The South Pacific currencies dropped as a consequence of the strengthening U.S. dollar, according to Dow Jones Newswires. Uplifting economic data about the globe's largest economy, such as the strengthening labor market, reduces the possibility of the U.S. Federal Reserve employing a third round of quantitative easing as well as cuts down on demand for the Kiwi and Aussie.
"The stronger New Zealand economic data we're starting to see does mean that Aussie-kiwi will continue to shift lower," currency strategist Mike Jones with Bank of New Zealand in Wellington told Bloomberg. "Investors will look to play the stronger New Zealand economic view through the Aussie-kiwi cross, rather than against the U.S. dollar."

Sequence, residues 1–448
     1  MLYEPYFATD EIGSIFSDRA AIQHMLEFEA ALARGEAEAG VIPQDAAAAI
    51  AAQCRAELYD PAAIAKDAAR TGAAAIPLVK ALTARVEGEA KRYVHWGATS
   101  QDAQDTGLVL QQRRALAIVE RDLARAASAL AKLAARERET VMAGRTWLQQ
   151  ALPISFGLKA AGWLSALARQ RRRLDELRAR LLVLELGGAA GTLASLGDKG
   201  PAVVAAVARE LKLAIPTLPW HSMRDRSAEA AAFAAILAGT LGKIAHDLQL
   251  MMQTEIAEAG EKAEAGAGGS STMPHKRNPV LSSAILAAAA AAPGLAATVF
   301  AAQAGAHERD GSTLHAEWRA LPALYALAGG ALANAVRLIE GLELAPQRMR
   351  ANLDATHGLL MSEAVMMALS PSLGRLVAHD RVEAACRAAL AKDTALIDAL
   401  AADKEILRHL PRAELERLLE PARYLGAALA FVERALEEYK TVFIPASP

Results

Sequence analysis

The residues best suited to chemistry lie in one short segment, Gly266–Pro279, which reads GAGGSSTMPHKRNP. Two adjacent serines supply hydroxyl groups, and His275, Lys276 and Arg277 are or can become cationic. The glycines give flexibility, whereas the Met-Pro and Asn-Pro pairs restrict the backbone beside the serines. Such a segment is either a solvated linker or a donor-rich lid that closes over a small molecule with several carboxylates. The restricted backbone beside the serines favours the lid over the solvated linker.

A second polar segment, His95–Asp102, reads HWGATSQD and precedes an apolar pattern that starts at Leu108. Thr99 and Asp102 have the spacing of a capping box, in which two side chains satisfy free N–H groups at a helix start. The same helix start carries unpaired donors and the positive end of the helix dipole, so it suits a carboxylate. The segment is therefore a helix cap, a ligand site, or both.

China, top trade partner of Australia and New Zealand's second-largest export market, noted it intends to preserve restrictions on the real-estate market. That also reduced demand for the South Pacific dollars.
With a focus on news and developments coming from the U.S. in lieu of a slowdown of news from the euro zone, the downward tick of the Aussie and Kiwi is projected to continue, Dow Jones Newswires reports.
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